Kaori Ekuni on Writing the Details of Your Life
This summer I attended a talk at a Tokyo bookstore with beloved Japanese novelist Kaori Ekuni, in conversation with famous literary translator Motoyuki Shibata. The names may or may not ring a bell, but what they talked about, I think, will make sense wherever you are in the world.
A young woman in the audience asked the 55-year-old Ekuni, a Naoki Prize winner who debuted in 1985 and now has over one hundred books to her name, where she writes her novels.
Does she write at home, or have an office, or write in cafes? Ekuni is one of Japan’s most well-known writers, period. We want to how she does it.
She replied, “I write at home. I can only write at home, because I write my novels by hand. It would be too heavy to carry all those papers around.”
“If I somehow learned to use a computer,” she continued, “I’m sure my writing would become more…efficient. Less useless details.”
That’s when Motoyuki Shibata (a frequent Haruki Murakami collaborator who is prolific in his own right) piped up with, “Then please don’t ever learn!” The packed house nodded its collective head. “Because a novel is all about the seemingly useless details.”
Ekuni agreed. She had just shared an excerpt from her new novel that included the following description of a Nashville apartment, encountered for the first time by two young women traveling across the US in her novel Kanojotachi no Baaiwa (In Their Case), not yet translated into English. They’d been given the keys by a new friend Haley, who they’d met on the road.
Here, the apartment’s contents:
a red plastic lip-shaped sofa, a coffee table with an empty pizza box, lid open, piles of clothes, books, empty cans, magazines, CDs along the wall. A gym bag with a towel hanging out, cushions, a clown doll, a hair dryer and phone (land-line) and CD player and ballpoint pens and notepads and one ashtray and a bag full of plastic forks, a real (she thinks) rugby ball, off-season flip-flops, small bags of almonds, framed movie posters, numerous remote controls on the floor, scissors and nail polish bottles.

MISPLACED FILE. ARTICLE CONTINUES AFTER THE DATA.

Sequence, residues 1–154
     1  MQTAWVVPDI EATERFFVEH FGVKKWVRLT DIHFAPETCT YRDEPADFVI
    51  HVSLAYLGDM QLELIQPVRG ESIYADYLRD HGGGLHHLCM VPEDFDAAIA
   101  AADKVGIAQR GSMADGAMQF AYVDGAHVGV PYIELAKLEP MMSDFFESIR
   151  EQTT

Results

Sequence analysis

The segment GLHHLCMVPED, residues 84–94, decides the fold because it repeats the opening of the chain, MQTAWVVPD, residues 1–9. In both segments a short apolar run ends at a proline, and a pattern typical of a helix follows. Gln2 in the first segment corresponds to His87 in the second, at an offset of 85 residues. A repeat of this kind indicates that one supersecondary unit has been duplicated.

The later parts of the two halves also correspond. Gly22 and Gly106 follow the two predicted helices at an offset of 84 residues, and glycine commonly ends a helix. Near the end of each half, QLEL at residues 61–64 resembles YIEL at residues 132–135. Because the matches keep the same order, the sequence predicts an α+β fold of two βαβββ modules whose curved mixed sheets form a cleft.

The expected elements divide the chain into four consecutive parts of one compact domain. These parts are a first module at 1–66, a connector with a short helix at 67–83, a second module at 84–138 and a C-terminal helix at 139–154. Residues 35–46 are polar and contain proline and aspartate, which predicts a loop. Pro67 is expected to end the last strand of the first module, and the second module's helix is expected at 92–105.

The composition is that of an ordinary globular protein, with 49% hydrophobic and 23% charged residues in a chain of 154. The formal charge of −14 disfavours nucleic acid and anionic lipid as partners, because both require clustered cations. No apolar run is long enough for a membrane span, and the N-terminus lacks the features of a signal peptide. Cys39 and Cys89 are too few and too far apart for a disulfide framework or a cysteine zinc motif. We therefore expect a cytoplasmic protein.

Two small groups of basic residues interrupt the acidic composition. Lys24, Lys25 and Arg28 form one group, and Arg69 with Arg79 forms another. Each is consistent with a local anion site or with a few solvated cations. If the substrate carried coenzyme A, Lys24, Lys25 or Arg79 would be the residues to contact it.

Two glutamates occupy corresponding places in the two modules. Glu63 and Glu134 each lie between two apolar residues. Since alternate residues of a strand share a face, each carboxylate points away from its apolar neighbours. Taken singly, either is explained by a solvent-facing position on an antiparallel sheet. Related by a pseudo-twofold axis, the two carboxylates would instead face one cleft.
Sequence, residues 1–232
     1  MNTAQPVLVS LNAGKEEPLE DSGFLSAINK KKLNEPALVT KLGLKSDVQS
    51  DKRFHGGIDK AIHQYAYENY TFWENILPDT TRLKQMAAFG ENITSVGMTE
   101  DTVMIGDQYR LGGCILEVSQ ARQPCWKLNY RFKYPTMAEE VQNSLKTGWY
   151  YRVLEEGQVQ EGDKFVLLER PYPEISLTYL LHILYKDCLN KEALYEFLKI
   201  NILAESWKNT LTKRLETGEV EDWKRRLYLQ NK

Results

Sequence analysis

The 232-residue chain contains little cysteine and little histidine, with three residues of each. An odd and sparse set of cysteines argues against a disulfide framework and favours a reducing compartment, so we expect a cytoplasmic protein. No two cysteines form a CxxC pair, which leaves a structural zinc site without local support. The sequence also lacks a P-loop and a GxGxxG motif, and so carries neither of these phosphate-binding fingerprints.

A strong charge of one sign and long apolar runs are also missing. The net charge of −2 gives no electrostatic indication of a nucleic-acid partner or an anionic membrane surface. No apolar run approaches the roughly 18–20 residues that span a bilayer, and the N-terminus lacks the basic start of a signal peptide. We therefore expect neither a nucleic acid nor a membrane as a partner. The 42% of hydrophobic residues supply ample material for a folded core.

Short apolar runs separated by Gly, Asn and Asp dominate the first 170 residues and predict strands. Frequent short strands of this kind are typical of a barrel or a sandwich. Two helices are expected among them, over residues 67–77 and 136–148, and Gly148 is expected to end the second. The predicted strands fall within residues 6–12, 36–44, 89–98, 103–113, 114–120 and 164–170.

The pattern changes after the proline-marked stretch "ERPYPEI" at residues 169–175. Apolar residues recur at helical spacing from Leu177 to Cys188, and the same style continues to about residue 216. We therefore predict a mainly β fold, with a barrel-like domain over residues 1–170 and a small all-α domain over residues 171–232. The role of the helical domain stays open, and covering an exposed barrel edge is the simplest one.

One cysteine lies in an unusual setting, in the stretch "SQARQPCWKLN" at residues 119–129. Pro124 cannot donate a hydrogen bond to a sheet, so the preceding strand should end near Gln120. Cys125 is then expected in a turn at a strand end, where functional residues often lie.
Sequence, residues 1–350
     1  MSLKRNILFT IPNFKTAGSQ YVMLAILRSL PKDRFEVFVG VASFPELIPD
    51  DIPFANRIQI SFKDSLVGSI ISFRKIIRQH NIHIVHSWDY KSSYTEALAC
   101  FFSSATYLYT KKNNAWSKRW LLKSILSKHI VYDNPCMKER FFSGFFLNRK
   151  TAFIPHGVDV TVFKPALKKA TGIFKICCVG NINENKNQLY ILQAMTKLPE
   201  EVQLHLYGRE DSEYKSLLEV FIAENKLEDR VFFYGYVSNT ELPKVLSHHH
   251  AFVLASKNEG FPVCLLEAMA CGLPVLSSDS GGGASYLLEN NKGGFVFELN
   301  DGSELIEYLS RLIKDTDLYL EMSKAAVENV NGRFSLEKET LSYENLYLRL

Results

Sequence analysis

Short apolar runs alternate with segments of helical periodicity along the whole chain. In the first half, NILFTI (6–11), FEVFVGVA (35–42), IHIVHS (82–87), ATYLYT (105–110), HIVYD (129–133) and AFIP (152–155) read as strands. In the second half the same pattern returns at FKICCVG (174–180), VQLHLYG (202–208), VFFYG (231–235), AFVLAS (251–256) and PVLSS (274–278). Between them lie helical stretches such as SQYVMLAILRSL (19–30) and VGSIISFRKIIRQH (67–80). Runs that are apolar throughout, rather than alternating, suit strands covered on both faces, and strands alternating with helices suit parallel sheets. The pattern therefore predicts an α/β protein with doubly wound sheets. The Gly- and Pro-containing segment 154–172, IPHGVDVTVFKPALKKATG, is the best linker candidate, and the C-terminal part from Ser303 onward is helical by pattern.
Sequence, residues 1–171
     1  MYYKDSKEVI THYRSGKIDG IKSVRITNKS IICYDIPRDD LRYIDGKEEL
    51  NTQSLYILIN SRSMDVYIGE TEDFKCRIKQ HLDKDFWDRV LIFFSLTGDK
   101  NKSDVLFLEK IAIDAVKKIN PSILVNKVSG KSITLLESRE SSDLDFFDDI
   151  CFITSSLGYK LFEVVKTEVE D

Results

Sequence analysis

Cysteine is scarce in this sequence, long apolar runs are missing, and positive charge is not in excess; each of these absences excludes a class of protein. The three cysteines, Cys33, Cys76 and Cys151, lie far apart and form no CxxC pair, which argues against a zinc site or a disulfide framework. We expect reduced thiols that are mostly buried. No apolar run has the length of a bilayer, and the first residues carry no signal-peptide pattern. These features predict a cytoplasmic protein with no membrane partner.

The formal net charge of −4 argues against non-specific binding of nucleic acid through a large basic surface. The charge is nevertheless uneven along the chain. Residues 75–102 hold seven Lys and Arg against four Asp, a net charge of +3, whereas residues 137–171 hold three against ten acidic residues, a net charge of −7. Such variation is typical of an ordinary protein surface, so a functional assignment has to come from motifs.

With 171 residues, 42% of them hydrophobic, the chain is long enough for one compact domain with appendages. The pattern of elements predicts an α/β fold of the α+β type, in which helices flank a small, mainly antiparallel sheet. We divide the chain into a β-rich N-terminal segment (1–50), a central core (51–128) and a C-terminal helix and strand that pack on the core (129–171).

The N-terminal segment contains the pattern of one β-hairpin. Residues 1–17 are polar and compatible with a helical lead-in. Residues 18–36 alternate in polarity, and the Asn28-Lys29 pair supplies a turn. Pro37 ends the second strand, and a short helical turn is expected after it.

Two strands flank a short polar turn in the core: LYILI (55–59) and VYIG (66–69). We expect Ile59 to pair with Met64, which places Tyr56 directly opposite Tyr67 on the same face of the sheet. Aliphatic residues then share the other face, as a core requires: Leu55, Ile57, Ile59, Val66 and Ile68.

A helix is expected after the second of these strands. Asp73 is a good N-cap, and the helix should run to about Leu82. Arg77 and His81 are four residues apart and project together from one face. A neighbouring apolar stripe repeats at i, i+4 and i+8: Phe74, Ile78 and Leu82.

(From“Kanojotachi no Baaiwa (In Their Case)” - P 234)
These details tell us about the owner of the room and the two girls journeying across America without their parents.
Seeing what mundane American (in this case) things become objects of interest to a Japanese reader, we might imagine the plainest details of a Japanese teenager’s room - fake eyelashes, colored contacts, photo stickers, empty boba cups, TikTok lighting equipment, miniature portable fans, etc. - to see a new world open before your eyes.
That’s the joy of reading translation.
One person’s mundane is another person’s treasure. But we would never know it, unless these novelists wrote about them.
So, do tell.
What seemingly mundane details in your life tell your life story? They’re everywhere, if we remember to look.
Like the just-right cup of cafe au lait in a Tokyo cafe as I write this, sitting next to a not-young couple on a first date, giggling and making awkward conversation loud enough to make the people around them blush.
When I’ve heard just enough of their audible sweet nothings, I pop in my earphones and search for a song that will get me writing.
I land on Galileo by the Indigo Girls.
A song that takes me back to an evening jog through Central Park in NYC a few years ago when the duo was playing SummerStage in the park’s outdoor venue. When I’d heard that familiar intro, I’d flopped onto the nearest lawn and listened, hard as I could. I remember the sentimental mood I was in, who I was missing right then, how far I’d come since my best friends and I played the song repeatedly in our cars during high school.
We’ve come a long way. It wouldn’t hurt to remember that once in awhile.
Thanks for reading this today. Here’s to the details.